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It might seem obvious, but to stand out from the crowd, be a successful writer and blogger—even a successful person for that matter—you have to be interesting. Pique people’s interest with your words or website and they will definitely come back; bore them and you will never see them again.
I’ve been writing, mostly about myself, for almost a year now—surely the least interesting topic you would think—yet have steadily built readership and traffic, mostly through writing alone. It’s simple, self-evident even, but when I write, the interest of my readers is always foremost in mind.
In trying to be interesting and relevant to my readership, often writing about things that are anything but mainstream, here are a couple of things I have learnt, some tips to lift your writing above the mundane.
1. Talking about yourself is never interesting
Most of us probably recognise the archetypal bore—the person who only talks about themselves, demands attention but never listens in return.
In terms of blogging it might seem like a contradiction, and in the context of my site even hypocritical—is not the very definition of blogging to talk about oneself, an online diary shared with the entire world? Yes, but there is a world of difference between the conversational forms of writing: confession, auto-biography, story-telling, and their paler, water-thin imitations: writing that is all narcissism, self-aggrandisement and self-interest.
Even in the form of a diary or autobiography, good writers maintain interest by offering rather than taking, sharing their valuable insight, impressions or emotions—sometime literally spilling blood and tears on the page for the sake of their readers, rather than boring to tears.
As an example, you might assume that the life of a restaurant waiter would be anything but interesting, but by sharing the intimate details of his life with others, along with acerbic wit and insight, the writer of Waiter Rant has built a massive readership, landed a book deal and won awards—and is for the most part 100% interesting.
Interesting writers don’t just talk about themselves, they share themselves as well.
2. Talk to people, not at them
Are you talking to people, or at them? Are you having a conversation, or instead making a speech? If the difference is not obvious you may have a little to learn, for the art of conversation implies the participation of more than one person. A true conversation is shared communication, listening by both parties. Unlike conversation, a speech is a one way street—in the blogging sense, your readers can either listen or get out of the way.
Of course every rule admits an exception—the writer of Violent Acres takes opinion, ranting and unabashed raving to their logical, sometimes illogical extremes—naval gazing with a sharpened seppuku knife if you will, the writing equivalent of “going postal”—but is therefore one of the most interesting, readable blogs around. It’s ok to rant and rave, even be offensive and disagreeable if you do it very, very well.
3. Write what people want to read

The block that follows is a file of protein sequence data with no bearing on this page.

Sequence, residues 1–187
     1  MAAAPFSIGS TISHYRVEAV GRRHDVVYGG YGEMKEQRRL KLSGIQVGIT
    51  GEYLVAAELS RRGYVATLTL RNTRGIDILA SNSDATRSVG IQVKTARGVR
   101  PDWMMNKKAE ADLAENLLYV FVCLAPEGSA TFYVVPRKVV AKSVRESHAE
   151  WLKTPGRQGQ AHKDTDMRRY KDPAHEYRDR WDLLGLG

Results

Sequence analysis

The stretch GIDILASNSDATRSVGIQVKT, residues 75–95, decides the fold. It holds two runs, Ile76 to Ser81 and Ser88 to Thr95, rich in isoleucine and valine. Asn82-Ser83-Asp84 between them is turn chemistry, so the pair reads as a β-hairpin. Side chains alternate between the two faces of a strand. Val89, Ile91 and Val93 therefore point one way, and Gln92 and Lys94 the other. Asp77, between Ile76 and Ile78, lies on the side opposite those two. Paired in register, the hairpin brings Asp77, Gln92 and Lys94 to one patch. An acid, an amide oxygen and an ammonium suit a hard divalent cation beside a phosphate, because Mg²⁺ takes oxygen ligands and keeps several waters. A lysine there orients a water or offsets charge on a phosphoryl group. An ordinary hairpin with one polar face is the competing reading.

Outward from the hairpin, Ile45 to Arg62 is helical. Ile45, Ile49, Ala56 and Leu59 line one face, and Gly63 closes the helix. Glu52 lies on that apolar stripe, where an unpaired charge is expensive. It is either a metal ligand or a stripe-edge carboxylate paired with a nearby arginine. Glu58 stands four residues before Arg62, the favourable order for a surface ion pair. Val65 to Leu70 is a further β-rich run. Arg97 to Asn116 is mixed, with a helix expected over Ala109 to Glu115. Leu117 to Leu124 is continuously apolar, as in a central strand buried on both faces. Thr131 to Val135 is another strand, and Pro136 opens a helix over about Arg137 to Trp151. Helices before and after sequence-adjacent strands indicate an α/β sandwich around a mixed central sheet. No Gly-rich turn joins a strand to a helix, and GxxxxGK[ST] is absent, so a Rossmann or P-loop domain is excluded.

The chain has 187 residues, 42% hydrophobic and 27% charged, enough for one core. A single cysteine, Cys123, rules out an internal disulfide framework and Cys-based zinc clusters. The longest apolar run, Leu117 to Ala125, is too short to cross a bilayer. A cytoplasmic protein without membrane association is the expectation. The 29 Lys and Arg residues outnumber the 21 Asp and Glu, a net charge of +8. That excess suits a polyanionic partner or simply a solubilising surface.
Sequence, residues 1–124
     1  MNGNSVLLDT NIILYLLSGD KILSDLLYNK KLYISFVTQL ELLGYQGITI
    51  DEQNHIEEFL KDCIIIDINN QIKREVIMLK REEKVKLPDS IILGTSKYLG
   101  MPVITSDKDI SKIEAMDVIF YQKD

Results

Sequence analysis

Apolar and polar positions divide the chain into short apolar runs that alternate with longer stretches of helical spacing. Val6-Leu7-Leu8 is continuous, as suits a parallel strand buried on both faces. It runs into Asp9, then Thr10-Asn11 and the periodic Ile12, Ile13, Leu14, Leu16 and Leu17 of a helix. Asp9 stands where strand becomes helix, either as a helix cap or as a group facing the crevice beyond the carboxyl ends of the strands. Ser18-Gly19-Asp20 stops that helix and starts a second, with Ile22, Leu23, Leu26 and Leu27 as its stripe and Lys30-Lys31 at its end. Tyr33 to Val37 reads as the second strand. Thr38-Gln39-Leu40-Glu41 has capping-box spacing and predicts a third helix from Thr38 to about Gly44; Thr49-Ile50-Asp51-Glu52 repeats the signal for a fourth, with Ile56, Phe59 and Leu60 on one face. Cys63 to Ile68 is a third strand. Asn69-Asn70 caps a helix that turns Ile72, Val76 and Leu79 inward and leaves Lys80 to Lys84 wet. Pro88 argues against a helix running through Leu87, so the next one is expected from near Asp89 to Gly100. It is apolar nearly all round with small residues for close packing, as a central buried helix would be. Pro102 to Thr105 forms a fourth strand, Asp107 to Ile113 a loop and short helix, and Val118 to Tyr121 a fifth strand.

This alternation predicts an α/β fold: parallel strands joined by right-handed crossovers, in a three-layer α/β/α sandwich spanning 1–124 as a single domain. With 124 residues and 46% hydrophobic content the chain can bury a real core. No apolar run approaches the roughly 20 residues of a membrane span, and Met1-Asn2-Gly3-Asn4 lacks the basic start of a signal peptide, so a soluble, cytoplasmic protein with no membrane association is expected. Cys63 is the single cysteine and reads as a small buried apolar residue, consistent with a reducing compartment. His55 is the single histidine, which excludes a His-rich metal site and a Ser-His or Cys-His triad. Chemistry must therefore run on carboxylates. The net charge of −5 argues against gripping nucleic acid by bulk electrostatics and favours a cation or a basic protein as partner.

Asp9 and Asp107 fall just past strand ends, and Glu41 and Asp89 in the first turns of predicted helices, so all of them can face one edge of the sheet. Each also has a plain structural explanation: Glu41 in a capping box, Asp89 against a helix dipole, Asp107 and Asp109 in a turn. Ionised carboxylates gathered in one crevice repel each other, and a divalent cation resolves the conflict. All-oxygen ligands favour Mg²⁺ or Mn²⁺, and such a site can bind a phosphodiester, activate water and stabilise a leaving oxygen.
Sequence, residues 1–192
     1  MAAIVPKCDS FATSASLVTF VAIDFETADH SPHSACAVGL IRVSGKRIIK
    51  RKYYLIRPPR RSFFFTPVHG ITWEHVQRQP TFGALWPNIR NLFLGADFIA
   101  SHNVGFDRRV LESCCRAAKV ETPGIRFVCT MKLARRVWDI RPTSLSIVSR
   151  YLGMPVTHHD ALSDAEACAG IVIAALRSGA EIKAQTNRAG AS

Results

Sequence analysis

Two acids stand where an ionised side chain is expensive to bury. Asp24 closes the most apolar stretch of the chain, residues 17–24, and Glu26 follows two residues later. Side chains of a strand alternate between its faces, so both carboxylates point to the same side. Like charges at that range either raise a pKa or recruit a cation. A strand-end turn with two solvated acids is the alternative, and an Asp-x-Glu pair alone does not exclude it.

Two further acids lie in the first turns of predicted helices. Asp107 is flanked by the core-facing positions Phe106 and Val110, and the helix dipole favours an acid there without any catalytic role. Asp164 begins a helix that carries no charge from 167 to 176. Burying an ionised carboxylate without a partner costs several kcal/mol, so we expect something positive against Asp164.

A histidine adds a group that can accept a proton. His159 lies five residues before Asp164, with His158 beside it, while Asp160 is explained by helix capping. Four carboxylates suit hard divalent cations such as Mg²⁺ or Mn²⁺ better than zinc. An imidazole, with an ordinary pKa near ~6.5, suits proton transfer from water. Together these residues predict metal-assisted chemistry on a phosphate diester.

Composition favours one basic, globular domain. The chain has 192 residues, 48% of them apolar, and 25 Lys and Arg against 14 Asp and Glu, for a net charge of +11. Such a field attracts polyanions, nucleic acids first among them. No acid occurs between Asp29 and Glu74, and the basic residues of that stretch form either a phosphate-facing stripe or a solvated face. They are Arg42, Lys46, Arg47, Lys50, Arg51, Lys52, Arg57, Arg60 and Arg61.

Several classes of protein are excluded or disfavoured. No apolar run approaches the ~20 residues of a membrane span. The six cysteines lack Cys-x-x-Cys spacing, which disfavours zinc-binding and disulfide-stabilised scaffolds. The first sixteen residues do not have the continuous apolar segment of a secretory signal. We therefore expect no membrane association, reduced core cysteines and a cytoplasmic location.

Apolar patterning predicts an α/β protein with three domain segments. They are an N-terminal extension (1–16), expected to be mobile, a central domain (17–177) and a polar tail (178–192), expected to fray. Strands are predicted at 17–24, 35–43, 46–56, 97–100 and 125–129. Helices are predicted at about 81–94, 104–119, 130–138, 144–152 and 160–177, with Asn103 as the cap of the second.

Kind of obvious this one, but it can imply something of a mind-shift. To be a good writer you need an appreciation of what others might find interesting, whether that be about yourself or a particular topic, as opposed to what you yourself find interesting. Unfortunately, our own and other’s interest are not always the same thing—a successful, interesting writer always has this point foremost in mind, a semi-critical reader of their own work as they are writing it.
4. Cut the chaff, keep the wheat
Less is often more in writing. Particularly online writing, where attention spans are smaller than they ever have been, competition for attention greater than ever before, it is imperative to keep in mind whether every line is necessary to making your point? Does each sentence, each paragraph further your argument or story? Can you complete your sentence with less words, finish a thought in half the…?
You can immediately recognise good from bad writing by the focus of the author; a good writer stays on topic, builds steadily and maintains energy and flow. Their every word, sentence and paragraph is well chosen and appropriate. Fast-paced, brief, more concentrated writing is easier and more enjoyable to read, and therefore more interesting.
5. Be selfless
To some extent blogging is fundamentally a selfless act, albeit perhaps unconsciously so. For most who blog there is little reward, attention or fame—hours are spent creating, offering something to the world for little in return.
Being selfless is synonymous with self-giving, which, believe it or not, intentionally or otherwise, is almost always interesting. When we offer something that people truly want—good writing, useful advice, helpful information—we automatically become interesting.
We all run a mile when we encounter websites that want something from us without giving anything in return—“sign up,” “complete this survey,” “buy this service;” conversely, the most popular, highly trafficked sites on the internet offer something freely, without explicit reward.
Ultimately selfish people or websites are never interesting—they demand our attention, interest, energy but give nothing in return.
But I’m already interesting?
So you already think you’re interesting? Witty, original and creative. Are you tempted to play with fire, dance with the devil and go for broke? Submit a suitably interesting catchphrase (my entry: “Putting the Miss in Misanthropic”) to the ongoing Violent Acres Catchphrase Contest and receive a link from a high-traffic, PR5 site. And maybe a little personal abuse…
The final list of entrants in the Tips and Tricks Contest has just been released, and it includes entries by Sensitivity to Things friends NetWriting, AllAboutRunning and DontBeShy. Hopefully I didn’t miss anyone as it’s a long list.